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Featured I'm doing Niacin Therapy

Discussion in 'General Autism Discussion' started by WereBear, Jan 30, 2017.

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  1. WereBear

    WereBear License to Weird V.I.P Member

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    Watch out, I'm medicinin' all up in here. :fearscream:

    I suffered terribly with my Midlife Meltdown, and I didn't even know I was an Aspie. While it was a great relief to discover what was going on, and I am proud to be one, it was a bit of a shock to discover that medical science could do very little for me; even though I was in bad shape.

    The best advice I got was from my long-suffering gem of a General Practitioner doctor here in the States. While he never could figure out what was going on (and I don't blame him: when a doctor looks at a middle-aged woman in the throes of a hellish menopause, someone with good eye contact, verbal fluency, and a job where she deals with the public, it's about the last thing he'd think.) He said I was under great stress, and anything I could do to address that stress would help me out. With this in mind, I improved my sleep, started stress management strategies, and discovered niacin.

    Most people know it as Vitamin B3, and think all we need to do is take enough to ward off pellagra. When it is actually an amino acid and we need much more of it than the RDA: especially if we are under stress.

    In fact, it can seem like it is the anti-stress vitamin.

    I got a book, Niacin: The Real Story: Learn about the Wonderful Healing Properties of Niacin, which is a compendium of the work of several doctors in various fields. They all have long experience using niacin for all kinds of ailments, from PTSD to high cholesterol. They quote scientific papers. There's a lot of chemistry and biology explaining how it works.

    I started using it for my sleep, and it did wonders. But once I got the book, I thought there might be some utility in going Full Metal Niacin. This is a therapeutic program of particular vitamins to support what is considered a high dose of niacin; the goal is 3g a day. That's six 500mg tablets of pure niacin.

    Their recommended dosing schedule is: 1g of niacin, a B complex, and Vitamin C, three times a day with meals. But I ramped up to this! DO NOT start with this. It's not dangerous, but it will be uncomfortable.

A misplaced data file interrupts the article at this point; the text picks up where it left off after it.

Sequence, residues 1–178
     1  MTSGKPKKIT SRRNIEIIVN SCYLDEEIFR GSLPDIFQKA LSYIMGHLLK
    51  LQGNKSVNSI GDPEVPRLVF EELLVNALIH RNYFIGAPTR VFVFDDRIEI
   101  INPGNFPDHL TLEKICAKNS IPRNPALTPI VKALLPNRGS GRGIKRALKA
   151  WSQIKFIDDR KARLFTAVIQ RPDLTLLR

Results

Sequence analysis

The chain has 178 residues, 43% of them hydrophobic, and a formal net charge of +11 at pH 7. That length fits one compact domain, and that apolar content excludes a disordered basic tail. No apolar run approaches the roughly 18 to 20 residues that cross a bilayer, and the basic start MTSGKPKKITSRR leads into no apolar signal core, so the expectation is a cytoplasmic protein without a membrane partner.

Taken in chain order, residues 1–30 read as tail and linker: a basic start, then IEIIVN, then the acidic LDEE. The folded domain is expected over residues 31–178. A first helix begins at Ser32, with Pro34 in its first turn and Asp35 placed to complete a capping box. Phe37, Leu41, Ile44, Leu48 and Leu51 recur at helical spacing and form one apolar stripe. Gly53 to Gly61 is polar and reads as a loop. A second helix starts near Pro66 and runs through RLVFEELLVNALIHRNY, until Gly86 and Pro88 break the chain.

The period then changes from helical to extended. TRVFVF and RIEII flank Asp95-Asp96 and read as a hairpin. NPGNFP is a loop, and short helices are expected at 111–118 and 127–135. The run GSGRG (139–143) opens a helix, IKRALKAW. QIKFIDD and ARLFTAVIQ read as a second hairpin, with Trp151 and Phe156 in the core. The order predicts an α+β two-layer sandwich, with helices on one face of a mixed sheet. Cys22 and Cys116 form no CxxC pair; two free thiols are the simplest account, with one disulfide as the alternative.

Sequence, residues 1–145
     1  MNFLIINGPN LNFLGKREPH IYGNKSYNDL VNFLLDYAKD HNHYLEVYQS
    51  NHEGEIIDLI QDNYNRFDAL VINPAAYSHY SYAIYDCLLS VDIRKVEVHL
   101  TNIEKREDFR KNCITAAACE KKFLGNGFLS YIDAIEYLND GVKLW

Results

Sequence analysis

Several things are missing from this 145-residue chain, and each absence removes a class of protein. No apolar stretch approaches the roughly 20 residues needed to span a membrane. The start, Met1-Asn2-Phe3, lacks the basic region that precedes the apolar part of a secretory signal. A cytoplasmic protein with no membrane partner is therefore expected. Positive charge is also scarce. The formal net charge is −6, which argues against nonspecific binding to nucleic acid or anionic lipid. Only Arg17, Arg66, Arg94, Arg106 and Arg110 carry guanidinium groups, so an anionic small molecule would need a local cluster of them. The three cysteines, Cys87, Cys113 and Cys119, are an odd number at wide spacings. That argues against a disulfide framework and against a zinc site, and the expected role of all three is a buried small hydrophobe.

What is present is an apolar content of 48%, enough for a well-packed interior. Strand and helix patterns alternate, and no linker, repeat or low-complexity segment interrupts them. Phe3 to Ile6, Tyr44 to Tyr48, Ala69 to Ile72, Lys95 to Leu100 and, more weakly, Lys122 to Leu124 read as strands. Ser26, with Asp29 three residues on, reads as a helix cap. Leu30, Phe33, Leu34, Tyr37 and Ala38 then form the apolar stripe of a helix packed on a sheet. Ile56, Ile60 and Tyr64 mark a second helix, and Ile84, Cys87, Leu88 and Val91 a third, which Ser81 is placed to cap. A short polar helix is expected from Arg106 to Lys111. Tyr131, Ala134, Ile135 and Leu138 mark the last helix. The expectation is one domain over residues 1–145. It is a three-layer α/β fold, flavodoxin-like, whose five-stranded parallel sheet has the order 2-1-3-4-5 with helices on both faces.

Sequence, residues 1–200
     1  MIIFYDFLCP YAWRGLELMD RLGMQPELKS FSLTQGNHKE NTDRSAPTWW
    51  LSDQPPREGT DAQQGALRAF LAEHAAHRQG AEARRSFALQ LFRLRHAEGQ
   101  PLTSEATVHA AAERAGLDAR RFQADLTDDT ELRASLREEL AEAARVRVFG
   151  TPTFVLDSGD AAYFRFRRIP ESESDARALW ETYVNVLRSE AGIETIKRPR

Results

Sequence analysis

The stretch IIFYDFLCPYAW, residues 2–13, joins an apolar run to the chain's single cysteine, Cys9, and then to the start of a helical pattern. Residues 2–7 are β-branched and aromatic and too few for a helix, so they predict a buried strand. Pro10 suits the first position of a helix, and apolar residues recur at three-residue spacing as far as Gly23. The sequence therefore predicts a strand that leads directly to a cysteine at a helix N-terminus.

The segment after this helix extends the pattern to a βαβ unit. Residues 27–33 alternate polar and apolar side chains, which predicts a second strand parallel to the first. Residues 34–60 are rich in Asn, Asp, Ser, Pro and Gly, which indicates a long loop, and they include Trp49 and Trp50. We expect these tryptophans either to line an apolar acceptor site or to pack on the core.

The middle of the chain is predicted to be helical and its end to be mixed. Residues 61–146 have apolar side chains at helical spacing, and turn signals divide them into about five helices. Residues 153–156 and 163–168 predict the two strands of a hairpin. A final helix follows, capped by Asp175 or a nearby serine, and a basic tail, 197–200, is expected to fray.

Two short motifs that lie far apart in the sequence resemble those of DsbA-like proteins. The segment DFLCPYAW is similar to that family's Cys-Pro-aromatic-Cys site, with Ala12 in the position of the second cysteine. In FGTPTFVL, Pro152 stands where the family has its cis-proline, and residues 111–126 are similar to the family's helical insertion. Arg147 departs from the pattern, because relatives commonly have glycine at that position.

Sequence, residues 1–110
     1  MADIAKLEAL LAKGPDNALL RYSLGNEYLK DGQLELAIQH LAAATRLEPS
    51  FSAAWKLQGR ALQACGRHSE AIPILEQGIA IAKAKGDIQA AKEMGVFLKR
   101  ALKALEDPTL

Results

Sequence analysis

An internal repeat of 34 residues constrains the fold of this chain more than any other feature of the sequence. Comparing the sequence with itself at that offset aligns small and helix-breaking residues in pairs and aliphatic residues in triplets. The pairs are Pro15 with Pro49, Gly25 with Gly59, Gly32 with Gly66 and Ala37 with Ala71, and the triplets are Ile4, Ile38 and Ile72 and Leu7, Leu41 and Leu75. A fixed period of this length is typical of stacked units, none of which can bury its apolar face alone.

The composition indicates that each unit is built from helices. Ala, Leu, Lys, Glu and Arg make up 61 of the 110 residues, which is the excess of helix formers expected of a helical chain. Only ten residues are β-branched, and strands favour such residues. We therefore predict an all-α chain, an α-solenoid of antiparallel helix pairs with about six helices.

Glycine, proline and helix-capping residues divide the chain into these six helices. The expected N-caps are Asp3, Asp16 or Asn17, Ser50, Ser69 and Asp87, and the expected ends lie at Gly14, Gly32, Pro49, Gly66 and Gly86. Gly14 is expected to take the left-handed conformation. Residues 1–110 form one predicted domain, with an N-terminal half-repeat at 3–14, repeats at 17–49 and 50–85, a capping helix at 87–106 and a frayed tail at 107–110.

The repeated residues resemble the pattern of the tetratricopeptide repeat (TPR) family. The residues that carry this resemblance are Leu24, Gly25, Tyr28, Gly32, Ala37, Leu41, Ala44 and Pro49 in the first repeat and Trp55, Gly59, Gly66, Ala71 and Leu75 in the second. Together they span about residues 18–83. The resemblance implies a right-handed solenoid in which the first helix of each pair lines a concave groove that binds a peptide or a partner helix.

When most people first take niacin, there's the flush. This is like being embarrassed while our skin is waking up and being all hot and itchy. It starts with the head and moves down the body. It's beneficial! It is breaking down histamine, opening up capillaries for better blood flow, and reducing body-wise inflammation. And it doesn't last all that long, several minutes. Then there's this lovely cool breeze of relaxation.

    As we continue with niacin therapy, the flush disappears. I no longer have it! But it is a great feedback mechanism that helps us gauge our dosing and timing.

    So I'm several days into it and I am already experiencing vivid dreams, deep sleep, a feeling of calm, lessened anxiety, and better blood sugar regulation. I will use this post to update my self-experimental journey.

    I am so tired of feeling lousy. This intensive stress management is supposed to heal my body from the effects of stress, and help me cope with it better so I can actually get better, faster; instead of the glacial pace I've been dealing with.

    And if anyone is wondering why this stress strategy isn't common knowledge -- they would be assuming our current medical professionals know all, aren't they? And if anyone should be skeptical of that, it's an Aspie.:D
     
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  2. tree

    tree Blue/Green Staff Member V.I.P Member

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    I am surprised to see you say the effect disappears.

    I take some Niacin every day and generally...every day get
    a niacin rush. Now & then I don't. (warm, pink, super itchy)
    I don't appreciate the 'cool off' though.
     
  3. WereBear

    WereBear License to Weird V.I.P Member

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    According to the book, if you are still flushing, you need more niacin.
     
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  4. tree

    tree Blue/Green Staff Member V.I.P Member

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    That seems backwards, but ok, if that's
    what it says in the book.

    I have had people who knew nothing at all
    about it say that I must be taking too much....
    because I had a niacin rush.

    I don't take advice from people who know
    nothing, though.
     
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  5. WereBear

    WereBear License to Weird V.I.P Member

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    Well, @tree , it's complicated :)

    I will look up in such things in the book again about this situation. Also, it doesn't work for everyone.